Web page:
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Double Bell (Ẹgogo)

Arts of Africa

This is one of the oldest surviving African ivory sculptures; only six of these ivory gongs are known. Double gongs were used by the oba (king) during the Emobo ceremony to drive away evil spirits. The carving here depicts the oba, supported by his military commander and his heir.
DATES early 16th century
DIMENSIONS 14 1/8 × 3 15/16 × 2 9/16 in. (35.8 × 10 × 6.5 cm)  (show scale)
INSCRIPTIONS Written in black ink on inside of bell: "BENIN. BT. OF MR H. LING ROTH. 1898."; written in red ink on inside of bell: "58.160"
COLLECTIONS Arts of Africa
CREDIT LINE A. Augustus Healy Fund and Frank L. Babbott Fund
PROVENANCE Until 1897, Benin Kingdom; 1897, taken from the Royal Palace during the British military raid and occupation of Benin City by Dr. Felix Norman Roth; 1898, collection of Henry Ling Roth of Halifax, United Kingdom; October 2, 1898, purchased from Henry Ling Roth by Augustus Henry Lane-Fox Pitt-Rivers of Dorset, United Kingdom; 1898-1958, collection of the Pitt-Rivers Museum, Dorset, United Kingdom; 1958, purchased from the Pitt-Rivers Museum by Mathais Komor, New York, NY; October 8, 1958, purchased from Mathias Komor by the Brooklyn Museum.
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CATALOGUE DESCRIPTION Two bell forms on a long handle; large bell carved with 3 figures: chief standing with arms upheld by attendants; background is elaborately carved with curved interlocking pattern, small bells or facsimiles of same run-up sides of sisturn and along top; one side of top has projecting human figure, on top of small bell is an alligator head holding a human hand. Base is geometrically carved. Large bell originally showed mudfish figure and snake-wing bird.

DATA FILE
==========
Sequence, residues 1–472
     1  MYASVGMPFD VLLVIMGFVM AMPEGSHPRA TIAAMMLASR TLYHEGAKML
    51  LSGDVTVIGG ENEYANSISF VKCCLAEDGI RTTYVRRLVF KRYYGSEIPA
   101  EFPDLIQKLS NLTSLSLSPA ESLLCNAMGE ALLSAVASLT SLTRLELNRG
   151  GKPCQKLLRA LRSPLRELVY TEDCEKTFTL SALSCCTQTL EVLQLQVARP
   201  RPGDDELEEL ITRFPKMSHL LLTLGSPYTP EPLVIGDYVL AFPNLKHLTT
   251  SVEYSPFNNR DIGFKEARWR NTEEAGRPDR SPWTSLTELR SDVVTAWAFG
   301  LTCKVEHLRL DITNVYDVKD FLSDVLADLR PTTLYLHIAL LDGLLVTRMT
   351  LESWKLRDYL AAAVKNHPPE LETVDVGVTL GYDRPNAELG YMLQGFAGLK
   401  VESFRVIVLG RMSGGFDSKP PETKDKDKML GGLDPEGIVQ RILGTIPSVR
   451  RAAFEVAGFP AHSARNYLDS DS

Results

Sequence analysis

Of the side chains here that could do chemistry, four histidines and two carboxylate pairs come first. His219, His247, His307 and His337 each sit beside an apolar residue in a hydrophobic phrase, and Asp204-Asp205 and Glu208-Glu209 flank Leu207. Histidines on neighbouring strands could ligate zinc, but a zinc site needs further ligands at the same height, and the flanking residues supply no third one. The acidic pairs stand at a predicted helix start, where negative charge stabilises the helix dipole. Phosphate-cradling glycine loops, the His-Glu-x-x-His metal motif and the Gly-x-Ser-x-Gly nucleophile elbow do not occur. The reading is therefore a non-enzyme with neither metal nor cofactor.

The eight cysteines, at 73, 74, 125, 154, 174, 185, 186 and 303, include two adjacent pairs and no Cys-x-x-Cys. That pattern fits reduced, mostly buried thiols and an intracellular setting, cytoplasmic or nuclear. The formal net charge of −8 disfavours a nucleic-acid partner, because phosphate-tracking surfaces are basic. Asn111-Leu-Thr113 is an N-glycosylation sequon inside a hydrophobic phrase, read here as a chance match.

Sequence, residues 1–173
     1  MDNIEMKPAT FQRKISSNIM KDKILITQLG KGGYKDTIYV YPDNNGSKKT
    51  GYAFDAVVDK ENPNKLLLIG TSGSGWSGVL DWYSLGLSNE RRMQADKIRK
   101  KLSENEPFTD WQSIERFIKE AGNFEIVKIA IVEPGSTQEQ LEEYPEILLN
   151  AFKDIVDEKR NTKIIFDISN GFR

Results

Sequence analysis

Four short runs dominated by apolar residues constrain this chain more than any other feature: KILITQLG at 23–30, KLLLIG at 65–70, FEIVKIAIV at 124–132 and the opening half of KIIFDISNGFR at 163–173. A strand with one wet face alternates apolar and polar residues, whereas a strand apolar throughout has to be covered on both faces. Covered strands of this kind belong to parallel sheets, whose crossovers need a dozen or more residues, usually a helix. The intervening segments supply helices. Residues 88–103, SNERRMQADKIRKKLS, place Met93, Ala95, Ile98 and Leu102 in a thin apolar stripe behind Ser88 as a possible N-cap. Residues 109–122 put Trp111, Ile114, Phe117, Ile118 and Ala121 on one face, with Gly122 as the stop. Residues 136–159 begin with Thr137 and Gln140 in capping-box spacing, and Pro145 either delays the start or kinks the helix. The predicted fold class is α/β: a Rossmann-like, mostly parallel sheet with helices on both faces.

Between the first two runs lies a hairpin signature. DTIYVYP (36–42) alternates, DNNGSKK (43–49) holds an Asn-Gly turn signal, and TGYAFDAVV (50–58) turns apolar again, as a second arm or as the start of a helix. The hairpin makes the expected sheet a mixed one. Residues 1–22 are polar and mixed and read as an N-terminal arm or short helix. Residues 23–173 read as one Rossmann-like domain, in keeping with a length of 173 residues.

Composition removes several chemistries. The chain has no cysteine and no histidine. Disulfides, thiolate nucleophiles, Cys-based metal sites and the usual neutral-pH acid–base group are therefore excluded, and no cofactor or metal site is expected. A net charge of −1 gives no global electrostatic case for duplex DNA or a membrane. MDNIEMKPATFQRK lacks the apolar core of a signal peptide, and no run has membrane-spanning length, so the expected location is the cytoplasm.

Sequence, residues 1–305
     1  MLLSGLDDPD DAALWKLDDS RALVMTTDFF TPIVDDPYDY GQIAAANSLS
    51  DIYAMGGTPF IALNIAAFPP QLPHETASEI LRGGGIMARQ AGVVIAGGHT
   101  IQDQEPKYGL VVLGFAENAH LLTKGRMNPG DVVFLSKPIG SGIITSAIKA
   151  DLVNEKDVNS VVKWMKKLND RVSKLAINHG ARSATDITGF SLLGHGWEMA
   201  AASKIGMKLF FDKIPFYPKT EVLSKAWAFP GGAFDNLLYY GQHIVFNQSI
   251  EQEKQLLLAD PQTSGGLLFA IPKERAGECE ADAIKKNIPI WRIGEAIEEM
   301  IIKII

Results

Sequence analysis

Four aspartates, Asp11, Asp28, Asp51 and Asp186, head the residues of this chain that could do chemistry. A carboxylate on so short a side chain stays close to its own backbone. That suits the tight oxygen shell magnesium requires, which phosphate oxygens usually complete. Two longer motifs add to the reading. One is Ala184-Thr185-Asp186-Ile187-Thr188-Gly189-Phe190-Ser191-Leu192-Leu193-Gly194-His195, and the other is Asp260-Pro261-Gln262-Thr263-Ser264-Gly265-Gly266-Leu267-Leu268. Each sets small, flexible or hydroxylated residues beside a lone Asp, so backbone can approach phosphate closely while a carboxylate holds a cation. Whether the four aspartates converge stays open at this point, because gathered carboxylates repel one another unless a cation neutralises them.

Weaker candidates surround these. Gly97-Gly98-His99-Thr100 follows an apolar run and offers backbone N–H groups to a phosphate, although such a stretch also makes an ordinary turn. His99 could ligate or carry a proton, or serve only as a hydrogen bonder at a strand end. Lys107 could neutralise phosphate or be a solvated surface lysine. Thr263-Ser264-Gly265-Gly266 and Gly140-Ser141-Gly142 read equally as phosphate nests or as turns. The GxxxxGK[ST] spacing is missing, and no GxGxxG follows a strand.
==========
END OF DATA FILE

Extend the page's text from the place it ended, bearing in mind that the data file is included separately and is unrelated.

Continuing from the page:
MUSEUM LOCATION This item is not on view
CAPTION Edo. Double Bell (Ẹgogo), early 16th century. Ivory, 14 1/8 × 3 15/16 × 2 9/16 in. (35.8 × 10 × 6.5 cm). Brooklyn Museum, A. Augustus Healy Fund and Frank L. Babbott Fund, 58.160. Creative Commons-BY (Photo: Brooklyn Museum, 58.160_SL1.jpg)
IMAGE overall, 58.160_SL1.jpg. Brooklyn Museum photograph
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